Sun Microsystems today releases Sun Studio 12, its latest IDE (integrated development environment) for C, C++ and Fortran. It's freely available for Solaris and Linux software platforms and the update will be useful for developers building multi-core and multi-threaded applications, the company says.
Think streams, not files. That is the key concept of AccuRev, a source-code management system which is winning praise for its innovative and effective approach. "Streams are high-level objects almost like containers for versions of files, but they are the main objects in the system," says vice president of technology Brad Hart . "We don't introduce any overhead when it comes to branching." This last point is critical.
Orange has launched its unmetered-mobile-data tariff for the UK - but unexpectedly capped it at 30MB a month. The tariff is available to pre-paid as well as contract customers, and costs a fiver for evening and weekend use, or £8 for anytime unmetered data access. Only it's not as unmetered as one might hope. When we covered the tariff last month we expected to see a fair-use limitation. although we couldn't confirm it at the time. We had anticipated a limit at around 1GB, as imposed by most of the competition. We didn't expect a deal so poor it would make Vodafone's £7.50-for-130MB/month offer look good. Orange confirmed the limit to us, and noted that it has other tariffs with greater "fair-use" limits. ®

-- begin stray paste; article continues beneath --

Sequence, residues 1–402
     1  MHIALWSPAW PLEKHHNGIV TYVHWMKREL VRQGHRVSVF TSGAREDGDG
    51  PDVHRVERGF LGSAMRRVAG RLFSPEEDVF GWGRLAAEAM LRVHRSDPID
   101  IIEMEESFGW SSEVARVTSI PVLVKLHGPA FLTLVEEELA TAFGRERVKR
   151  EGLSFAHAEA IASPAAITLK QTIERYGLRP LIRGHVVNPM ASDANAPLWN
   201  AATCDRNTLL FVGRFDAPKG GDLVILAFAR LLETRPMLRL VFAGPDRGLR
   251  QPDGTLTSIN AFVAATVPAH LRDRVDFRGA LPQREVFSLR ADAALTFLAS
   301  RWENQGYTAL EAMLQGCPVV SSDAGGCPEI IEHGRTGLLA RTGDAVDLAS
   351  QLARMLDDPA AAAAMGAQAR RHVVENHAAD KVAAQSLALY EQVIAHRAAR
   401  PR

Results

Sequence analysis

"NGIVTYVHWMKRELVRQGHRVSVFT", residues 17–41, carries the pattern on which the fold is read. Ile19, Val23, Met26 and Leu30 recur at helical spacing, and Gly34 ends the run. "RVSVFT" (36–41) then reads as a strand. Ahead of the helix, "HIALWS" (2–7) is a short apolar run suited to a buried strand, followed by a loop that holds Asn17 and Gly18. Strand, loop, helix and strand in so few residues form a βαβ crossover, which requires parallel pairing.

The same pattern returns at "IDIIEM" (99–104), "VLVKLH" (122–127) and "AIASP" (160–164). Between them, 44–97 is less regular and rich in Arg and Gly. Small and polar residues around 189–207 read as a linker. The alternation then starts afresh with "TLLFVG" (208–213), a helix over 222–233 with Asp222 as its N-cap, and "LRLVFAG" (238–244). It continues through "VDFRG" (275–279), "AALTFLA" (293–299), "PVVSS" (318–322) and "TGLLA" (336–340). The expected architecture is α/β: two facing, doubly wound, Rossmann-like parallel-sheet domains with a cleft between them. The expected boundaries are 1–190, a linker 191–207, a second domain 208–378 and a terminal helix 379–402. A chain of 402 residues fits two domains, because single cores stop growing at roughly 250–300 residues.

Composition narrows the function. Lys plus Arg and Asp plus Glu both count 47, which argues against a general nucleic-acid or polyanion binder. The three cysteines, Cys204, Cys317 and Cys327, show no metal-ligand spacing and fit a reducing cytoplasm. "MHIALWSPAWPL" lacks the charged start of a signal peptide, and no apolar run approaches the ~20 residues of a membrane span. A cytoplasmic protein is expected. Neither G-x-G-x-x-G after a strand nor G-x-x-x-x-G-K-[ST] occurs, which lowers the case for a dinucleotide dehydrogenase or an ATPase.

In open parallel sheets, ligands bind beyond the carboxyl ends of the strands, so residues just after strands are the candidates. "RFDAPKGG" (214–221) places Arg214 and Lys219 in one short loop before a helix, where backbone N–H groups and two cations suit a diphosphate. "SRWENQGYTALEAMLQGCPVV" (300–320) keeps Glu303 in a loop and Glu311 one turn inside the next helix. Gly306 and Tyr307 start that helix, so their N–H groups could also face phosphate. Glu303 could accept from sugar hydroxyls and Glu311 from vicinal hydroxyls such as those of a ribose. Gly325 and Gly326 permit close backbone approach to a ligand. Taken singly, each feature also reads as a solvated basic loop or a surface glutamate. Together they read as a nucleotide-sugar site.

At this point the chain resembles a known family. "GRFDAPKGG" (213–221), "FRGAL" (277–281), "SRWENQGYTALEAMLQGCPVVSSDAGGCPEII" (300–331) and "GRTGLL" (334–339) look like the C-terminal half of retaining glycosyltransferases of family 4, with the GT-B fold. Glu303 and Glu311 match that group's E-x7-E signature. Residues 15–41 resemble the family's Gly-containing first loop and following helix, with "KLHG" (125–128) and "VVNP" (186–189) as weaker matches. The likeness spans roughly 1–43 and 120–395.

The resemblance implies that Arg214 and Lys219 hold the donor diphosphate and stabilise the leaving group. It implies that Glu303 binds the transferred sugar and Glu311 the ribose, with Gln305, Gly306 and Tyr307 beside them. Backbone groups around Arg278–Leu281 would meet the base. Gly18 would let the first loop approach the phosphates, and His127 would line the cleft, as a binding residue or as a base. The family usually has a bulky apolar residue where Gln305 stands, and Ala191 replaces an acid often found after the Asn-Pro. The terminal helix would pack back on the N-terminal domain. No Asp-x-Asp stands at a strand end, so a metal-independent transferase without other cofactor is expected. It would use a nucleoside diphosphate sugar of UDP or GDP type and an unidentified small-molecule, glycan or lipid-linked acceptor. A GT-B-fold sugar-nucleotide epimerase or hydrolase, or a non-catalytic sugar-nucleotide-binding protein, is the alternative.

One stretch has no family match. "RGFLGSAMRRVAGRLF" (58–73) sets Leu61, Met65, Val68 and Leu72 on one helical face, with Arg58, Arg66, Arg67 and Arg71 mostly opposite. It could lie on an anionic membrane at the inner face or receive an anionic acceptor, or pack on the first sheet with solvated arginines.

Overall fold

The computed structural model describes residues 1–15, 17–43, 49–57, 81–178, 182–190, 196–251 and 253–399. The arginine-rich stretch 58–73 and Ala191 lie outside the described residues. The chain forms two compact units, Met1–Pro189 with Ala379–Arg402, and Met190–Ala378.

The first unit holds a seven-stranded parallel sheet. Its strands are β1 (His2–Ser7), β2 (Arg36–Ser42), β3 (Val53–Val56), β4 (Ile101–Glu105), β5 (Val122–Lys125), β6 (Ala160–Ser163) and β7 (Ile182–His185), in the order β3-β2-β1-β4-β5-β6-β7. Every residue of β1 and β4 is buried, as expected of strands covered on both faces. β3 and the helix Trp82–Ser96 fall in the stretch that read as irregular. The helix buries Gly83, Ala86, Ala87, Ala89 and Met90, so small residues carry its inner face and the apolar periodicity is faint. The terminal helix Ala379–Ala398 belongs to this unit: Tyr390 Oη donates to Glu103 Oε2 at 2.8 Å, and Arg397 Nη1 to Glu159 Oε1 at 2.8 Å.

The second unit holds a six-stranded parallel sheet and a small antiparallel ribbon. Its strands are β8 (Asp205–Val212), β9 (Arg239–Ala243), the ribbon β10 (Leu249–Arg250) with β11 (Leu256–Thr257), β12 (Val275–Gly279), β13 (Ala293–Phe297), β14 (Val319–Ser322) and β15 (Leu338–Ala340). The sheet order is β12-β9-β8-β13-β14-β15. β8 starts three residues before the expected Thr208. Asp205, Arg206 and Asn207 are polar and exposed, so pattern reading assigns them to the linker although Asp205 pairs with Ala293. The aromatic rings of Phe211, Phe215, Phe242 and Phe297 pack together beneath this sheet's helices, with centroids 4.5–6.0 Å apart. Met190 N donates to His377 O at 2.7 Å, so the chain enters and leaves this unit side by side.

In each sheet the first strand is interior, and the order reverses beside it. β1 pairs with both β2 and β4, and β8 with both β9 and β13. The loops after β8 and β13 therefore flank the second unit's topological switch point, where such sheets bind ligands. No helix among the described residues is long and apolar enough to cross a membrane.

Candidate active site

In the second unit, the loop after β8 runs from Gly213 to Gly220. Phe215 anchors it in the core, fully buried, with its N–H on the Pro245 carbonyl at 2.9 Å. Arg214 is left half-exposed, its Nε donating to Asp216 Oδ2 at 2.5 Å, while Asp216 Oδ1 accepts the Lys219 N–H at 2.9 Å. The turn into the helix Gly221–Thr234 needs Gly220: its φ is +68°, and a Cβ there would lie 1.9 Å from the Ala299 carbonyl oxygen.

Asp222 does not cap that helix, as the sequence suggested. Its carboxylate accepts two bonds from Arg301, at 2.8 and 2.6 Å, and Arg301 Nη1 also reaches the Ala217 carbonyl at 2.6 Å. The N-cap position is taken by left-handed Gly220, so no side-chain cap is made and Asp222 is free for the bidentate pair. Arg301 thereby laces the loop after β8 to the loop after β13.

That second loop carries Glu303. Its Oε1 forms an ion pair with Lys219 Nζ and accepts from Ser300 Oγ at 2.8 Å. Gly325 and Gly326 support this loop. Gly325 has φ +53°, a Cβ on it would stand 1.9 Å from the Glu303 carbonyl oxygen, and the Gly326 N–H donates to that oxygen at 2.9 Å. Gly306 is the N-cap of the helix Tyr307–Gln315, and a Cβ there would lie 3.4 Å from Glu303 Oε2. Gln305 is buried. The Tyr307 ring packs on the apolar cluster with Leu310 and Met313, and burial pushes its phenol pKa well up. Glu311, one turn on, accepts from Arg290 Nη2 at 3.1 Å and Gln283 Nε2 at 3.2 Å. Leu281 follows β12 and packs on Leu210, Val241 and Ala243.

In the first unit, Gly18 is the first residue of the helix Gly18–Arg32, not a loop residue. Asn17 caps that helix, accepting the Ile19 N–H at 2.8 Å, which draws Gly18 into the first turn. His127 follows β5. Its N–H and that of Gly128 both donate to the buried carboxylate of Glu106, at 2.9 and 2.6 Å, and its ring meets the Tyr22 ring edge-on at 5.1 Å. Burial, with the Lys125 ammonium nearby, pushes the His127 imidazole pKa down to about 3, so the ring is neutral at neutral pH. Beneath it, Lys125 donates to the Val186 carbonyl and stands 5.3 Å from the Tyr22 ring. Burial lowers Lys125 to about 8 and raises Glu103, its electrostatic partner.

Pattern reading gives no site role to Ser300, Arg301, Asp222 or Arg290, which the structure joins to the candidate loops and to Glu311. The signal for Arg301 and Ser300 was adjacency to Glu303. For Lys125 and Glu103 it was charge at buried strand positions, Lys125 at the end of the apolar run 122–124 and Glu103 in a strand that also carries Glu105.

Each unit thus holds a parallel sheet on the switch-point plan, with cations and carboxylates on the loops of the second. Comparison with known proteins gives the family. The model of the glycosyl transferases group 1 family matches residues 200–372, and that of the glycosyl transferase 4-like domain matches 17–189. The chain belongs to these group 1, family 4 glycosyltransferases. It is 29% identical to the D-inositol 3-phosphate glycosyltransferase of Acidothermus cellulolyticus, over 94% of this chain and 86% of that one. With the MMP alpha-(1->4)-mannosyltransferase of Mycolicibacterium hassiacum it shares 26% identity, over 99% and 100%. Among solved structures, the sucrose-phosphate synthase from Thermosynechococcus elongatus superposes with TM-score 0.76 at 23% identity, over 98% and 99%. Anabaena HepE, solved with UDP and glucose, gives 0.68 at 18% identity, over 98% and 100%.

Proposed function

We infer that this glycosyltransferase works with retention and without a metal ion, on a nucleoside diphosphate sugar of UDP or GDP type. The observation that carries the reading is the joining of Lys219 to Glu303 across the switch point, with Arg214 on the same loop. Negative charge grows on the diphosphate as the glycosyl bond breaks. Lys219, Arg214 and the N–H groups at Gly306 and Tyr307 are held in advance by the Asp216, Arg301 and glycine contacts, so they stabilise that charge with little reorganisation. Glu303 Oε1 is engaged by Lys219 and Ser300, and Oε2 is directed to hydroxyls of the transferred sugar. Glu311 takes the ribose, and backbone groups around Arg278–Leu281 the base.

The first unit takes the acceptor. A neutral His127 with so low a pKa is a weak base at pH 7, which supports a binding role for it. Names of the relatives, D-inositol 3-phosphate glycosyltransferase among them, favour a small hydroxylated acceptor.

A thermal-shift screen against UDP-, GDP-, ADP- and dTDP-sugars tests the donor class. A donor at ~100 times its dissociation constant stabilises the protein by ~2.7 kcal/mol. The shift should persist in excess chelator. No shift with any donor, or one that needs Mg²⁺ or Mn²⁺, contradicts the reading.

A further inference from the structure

DSG employees are like one big happy family. In fact, when one of its retail operations lives next door to another - as is the case for PC World and Currys in sunny Crawley - it appears that it is not averse to sharing stock to get a sale.
Google continued its attempts to offer every service imaginable online by purchasing a Spanish photo-sharing website. Panoramio's technology allows user to pin pictures to Google's online maps to show where they were taken. The site boasts more than one million photos and more than 300,000 registered users.